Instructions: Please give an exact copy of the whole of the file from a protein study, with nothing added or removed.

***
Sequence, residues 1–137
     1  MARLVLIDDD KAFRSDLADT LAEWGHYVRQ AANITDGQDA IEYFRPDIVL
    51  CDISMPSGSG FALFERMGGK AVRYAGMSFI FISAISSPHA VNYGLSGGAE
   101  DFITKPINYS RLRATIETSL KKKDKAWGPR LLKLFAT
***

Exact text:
Sequence, residues 1–137
     1  MARLVLIDDD KAFRSDLADT LAEWGHYVRQ AANITDGQDA IEYFRPDIVL
    51  CDISMPSGSG FALFERMGGK AVRYAGMSFI FISAISSPHA VNYGLSGGAE
   101  DFITKPINYS RLRATIETSL KKKDKAWGPR LLKLFAT